Our research has provided the first clear evidence that the Greenland Ice Sheet is not only melting rapidly at its surface but from the bottom up as well. Huge quantities of meltwater are produced every summer and when it descends to the bed – a kilometre or more below, energy is converted into heat in a process like the hydroelectric power generated by large dams. To study that effect, we recorded basal conditions in boreholes, while using phase-sensitive radio-echo sounding to measure the rate at which ice melts at the bottom of the glacier. The findings, published in the Proceedings of the National Academy of Sciences, show unexpectedly warm basal conditions and melt rates that that are approximately 100 times greater than expected. The research shed light on an over-looked ice-sheet mass-loss mechanism, which is not yet included in projections of global sea level rise.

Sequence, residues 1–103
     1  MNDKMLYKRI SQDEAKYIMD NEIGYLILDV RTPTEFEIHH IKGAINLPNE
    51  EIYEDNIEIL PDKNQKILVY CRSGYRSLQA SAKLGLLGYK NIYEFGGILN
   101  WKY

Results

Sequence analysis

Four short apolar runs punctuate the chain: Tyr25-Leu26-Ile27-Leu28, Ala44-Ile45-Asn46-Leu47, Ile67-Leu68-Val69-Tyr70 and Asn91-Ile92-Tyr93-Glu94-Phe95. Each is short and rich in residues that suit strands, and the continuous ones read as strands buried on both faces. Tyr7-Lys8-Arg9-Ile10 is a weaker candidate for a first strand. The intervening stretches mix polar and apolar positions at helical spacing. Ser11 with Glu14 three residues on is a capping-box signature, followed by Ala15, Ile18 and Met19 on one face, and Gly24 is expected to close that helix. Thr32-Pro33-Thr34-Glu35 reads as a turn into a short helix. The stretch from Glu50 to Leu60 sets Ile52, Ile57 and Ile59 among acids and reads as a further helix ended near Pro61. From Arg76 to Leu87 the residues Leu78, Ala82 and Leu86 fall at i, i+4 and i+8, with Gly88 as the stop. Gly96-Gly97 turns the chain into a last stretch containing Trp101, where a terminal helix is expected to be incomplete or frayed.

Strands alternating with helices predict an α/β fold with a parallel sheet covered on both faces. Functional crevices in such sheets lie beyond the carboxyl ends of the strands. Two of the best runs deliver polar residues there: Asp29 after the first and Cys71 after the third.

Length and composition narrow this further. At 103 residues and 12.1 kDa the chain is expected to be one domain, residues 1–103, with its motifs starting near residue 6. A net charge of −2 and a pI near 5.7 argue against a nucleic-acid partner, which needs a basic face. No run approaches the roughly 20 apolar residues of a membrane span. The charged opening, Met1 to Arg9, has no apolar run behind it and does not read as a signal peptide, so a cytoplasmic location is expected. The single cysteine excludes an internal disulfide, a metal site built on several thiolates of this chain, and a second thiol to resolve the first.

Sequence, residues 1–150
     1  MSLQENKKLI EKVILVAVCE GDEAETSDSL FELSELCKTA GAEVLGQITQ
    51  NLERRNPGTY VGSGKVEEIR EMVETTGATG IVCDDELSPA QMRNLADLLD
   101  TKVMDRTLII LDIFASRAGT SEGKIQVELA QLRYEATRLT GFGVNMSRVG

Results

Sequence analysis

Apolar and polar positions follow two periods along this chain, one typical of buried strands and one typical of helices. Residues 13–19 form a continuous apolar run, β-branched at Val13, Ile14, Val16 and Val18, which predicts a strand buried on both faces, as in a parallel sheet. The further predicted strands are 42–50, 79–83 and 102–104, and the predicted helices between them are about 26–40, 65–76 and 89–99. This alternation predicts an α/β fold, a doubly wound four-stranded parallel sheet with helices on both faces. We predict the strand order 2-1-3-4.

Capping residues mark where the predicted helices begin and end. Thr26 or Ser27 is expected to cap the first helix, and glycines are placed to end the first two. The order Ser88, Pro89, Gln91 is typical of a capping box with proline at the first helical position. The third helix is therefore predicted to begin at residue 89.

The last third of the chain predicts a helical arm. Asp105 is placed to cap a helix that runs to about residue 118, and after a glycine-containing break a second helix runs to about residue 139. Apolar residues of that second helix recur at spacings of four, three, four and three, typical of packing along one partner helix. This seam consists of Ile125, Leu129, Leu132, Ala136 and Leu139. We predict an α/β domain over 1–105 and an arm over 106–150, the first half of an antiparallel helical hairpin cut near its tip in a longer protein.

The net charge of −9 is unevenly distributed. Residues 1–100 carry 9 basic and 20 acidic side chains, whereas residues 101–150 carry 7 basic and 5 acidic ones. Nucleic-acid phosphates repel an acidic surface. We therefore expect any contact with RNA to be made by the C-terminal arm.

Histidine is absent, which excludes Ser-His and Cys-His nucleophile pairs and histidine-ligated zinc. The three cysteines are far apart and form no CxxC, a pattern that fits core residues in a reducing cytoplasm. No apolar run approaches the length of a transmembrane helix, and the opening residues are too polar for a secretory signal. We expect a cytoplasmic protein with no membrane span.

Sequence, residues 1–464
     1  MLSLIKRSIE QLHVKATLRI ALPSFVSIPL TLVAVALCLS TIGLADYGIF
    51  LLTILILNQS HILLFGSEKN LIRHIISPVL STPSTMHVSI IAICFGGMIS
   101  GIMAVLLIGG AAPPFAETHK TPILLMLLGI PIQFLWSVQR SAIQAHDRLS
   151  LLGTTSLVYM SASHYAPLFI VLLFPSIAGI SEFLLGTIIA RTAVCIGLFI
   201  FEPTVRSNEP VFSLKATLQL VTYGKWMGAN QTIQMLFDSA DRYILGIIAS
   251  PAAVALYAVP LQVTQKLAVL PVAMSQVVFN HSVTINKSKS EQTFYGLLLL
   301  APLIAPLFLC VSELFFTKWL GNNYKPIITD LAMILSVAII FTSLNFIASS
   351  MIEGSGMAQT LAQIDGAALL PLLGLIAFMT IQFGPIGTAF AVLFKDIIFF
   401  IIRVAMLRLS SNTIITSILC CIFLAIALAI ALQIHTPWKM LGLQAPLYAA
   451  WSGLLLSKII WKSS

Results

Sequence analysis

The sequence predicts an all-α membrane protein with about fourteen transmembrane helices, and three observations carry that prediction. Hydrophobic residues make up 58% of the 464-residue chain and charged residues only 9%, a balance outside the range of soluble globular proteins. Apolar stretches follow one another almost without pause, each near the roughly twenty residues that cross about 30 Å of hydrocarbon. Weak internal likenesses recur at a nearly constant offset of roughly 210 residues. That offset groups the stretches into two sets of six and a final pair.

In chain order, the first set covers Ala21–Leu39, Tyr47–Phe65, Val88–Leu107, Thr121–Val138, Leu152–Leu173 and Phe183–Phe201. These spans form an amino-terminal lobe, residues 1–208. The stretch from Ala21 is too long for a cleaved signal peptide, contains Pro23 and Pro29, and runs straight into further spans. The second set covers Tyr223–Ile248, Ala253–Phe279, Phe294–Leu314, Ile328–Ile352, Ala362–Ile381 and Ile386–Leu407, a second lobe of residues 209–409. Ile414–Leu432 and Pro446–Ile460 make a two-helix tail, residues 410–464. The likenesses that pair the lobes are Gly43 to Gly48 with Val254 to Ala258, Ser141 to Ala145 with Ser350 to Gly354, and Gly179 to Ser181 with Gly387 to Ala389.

Young, T. J., Christoffersen, P. et al. Rapid basal melting of the Greenland Ice Sheet from surface meltwater drainage, Proceedings of the National Academy of Sciences, 119 (10), 2022, doi:10.1073/pnas.2116036119